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Important Update: Changes in FDIC Deposit Insurance Coverage

The FDIC deposit insurance rules have undergone a series of changes starting in the fall of 2008. As a result, certain previously published information related to FDIC insurance coverage may not reflect the current rules. For details about the changes, visit Changes in FDIC Deposit Insurance Coverage. For more information about FDIC insurance, go to www.fdic.gov/deposit/deposits/index.html or call toll-free 1-877-ASK-FDIC (1-877-275-3342). For the hearing-impaired, the number is 1-800-925-4618.

Fall 2010

Happy Returns: Tips for Saving Money at Tax Time

FDIC Consumer News doesn't give tax advice, but we do occasionally have suggestions for you to consider or discuss with your tax advisor. Here is our latest collection of tips to keep in mind as you prepare to file your taxes.

Consider using tax time to pay off high-interest debt or save for the future. "Use your tax refund to pay down high-interest debt and build up your savings," said Luke W. Reynolds, Chief of the FDIC's Community Outreach Section. "For example, purchase a U.S. Savings Bond with some or all of your tax refund. You can also direct deposit your refund into as many as three different accounts and three different financial institutions."

Avoid high-interest loans offered at tax time. In particular, be aware that a "refund anticipation loan" is an expensive loan product arranged by tax preparers for people who file their returns electronically and who don't want to wait for their tax refund.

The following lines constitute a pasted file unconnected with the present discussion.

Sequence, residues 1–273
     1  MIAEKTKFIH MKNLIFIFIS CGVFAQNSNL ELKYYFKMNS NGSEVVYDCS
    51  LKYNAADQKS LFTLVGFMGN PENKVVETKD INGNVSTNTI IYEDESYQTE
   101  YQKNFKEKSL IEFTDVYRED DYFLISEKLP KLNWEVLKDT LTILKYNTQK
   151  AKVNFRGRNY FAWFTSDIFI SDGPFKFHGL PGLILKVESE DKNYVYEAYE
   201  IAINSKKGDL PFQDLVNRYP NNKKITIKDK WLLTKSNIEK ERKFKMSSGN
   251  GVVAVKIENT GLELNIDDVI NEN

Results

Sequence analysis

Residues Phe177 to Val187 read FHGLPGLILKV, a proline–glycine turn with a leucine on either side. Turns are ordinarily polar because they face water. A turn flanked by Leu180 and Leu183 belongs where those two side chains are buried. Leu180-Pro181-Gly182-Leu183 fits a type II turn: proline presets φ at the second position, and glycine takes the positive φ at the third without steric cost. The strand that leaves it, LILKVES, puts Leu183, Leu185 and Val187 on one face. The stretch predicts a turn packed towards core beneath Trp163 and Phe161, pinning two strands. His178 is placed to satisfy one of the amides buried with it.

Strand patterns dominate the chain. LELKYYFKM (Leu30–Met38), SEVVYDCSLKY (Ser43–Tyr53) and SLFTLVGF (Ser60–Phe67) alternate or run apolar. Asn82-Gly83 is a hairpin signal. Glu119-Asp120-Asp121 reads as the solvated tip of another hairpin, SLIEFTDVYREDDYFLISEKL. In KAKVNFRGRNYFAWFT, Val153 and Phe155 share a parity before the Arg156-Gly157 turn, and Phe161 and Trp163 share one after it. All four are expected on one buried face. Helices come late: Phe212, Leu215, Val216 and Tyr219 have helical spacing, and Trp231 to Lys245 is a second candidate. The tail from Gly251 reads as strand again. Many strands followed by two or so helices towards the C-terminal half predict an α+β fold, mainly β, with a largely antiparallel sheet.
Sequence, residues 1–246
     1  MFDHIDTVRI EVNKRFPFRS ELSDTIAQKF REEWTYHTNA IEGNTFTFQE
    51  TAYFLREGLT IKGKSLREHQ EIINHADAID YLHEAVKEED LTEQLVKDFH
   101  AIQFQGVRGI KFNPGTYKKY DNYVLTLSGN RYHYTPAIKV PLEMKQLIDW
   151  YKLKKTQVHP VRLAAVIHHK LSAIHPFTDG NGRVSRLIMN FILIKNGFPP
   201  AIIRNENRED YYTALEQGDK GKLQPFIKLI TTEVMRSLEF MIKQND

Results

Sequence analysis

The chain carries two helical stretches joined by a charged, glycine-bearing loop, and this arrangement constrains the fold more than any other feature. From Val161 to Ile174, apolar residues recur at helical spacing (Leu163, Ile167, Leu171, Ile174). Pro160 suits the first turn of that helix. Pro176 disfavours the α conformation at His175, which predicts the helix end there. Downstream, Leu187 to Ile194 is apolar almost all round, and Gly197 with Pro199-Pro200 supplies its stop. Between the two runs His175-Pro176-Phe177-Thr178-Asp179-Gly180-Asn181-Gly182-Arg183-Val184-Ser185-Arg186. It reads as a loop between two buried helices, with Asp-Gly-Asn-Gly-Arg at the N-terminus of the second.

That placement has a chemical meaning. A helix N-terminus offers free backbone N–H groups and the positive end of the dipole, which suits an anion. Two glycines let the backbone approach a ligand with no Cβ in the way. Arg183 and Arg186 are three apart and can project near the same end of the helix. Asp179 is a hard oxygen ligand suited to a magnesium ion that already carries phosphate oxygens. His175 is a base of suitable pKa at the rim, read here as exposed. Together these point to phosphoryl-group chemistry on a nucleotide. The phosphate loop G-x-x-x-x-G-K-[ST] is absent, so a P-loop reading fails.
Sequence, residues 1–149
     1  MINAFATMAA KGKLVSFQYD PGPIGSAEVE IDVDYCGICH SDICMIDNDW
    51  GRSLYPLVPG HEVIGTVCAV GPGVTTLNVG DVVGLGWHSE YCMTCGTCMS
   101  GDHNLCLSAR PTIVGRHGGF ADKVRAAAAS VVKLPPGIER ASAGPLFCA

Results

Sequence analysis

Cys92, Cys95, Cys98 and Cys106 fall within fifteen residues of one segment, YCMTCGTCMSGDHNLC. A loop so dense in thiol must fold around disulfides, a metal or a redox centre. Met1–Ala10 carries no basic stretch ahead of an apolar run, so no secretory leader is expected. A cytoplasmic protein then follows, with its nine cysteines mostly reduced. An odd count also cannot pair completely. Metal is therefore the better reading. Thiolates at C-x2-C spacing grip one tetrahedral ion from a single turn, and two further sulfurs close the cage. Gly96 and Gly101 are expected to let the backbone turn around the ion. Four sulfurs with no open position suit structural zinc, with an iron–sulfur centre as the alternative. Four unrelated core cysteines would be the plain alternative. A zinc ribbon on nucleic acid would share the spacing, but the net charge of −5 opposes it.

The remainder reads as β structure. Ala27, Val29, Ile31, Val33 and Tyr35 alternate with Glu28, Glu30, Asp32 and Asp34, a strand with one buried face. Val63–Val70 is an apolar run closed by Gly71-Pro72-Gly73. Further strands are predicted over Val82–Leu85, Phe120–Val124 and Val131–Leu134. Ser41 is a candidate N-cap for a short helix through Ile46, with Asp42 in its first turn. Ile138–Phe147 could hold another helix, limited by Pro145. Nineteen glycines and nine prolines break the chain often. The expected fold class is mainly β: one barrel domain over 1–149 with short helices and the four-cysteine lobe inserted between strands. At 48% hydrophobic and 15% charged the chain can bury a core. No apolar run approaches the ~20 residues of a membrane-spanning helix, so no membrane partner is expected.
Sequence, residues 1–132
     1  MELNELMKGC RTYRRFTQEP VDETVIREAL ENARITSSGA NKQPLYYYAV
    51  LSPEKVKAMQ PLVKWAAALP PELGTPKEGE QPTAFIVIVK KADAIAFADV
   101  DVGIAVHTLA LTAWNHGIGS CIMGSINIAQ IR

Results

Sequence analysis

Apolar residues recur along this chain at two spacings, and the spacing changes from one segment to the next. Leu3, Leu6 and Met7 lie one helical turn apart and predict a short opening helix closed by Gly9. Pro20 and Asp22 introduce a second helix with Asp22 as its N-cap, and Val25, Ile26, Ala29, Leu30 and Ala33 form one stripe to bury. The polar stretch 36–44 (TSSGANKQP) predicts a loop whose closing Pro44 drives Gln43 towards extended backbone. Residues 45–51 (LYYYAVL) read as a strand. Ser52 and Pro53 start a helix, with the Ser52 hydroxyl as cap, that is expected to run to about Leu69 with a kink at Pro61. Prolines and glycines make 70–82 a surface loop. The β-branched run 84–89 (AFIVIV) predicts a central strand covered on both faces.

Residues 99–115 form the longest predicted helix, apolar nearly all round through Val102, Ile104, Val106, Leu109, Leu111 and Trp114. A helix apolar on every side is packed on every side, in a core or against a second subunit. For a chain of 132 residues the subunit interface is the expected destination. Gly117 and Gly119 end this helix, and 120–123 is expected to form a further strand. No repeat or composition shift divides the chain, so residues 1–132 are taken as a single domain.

"Refund anticipation loans are costly and often unnecessary because taxpayers can expect to have their tax refund direct deposited into their bank account within about 10 days of when the return was electronically filed with the IRS," explained Joyce Thomas, an FDIC financial educator in the Community Outreach Section.

"The funds spent on fees and interest for any sort of refund advance could be better used, including saving for a goal or paying down debt," added Reynolds.

Be on guard against tax-related frauds. Examples include scam e-mails falsely claiming to come from the IRS and intended to trick taxpayers into revealing personal information. Other scams involve unscrupulous tax preparers who promise larger refunds than competitors and make fraudulent errors that expose victims to costly fees and penalties.

For more information and consumer tips, go to the tax scams page on the IRS Web site.

Check out programs offering free tax help. The IRS-coordinated Volunteer Income Tax Assistance program and the Tax Counseling for the Elderly service offer free tax-preparation assistance for low-income, disabled, elderly, and non-English speaking taxpayers.

Another IRS program is "Free File," which allows taxpayers who earn $58,000 or less (for returns to be filed during 2011) to use a tax-preparation software program to prepare and file their federal taxes for free through the IRS Web site. Taxpayers who exceed the income threshold can still manually complete their forms and "e-file" them through the IRS Web site.

Ask if you may qualify for unusual tax breaks. "These may vary from year to year, but taxpayers in special situations — perhaps those who started a small business, were unemployed, or lost property because of a natural disaster — should check with the IRS for special considerations that may apply to them," Reynolds said.

For more help or information, start at www.irs.gov or consult a tax advisor.


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Last Updated 11/19/2010

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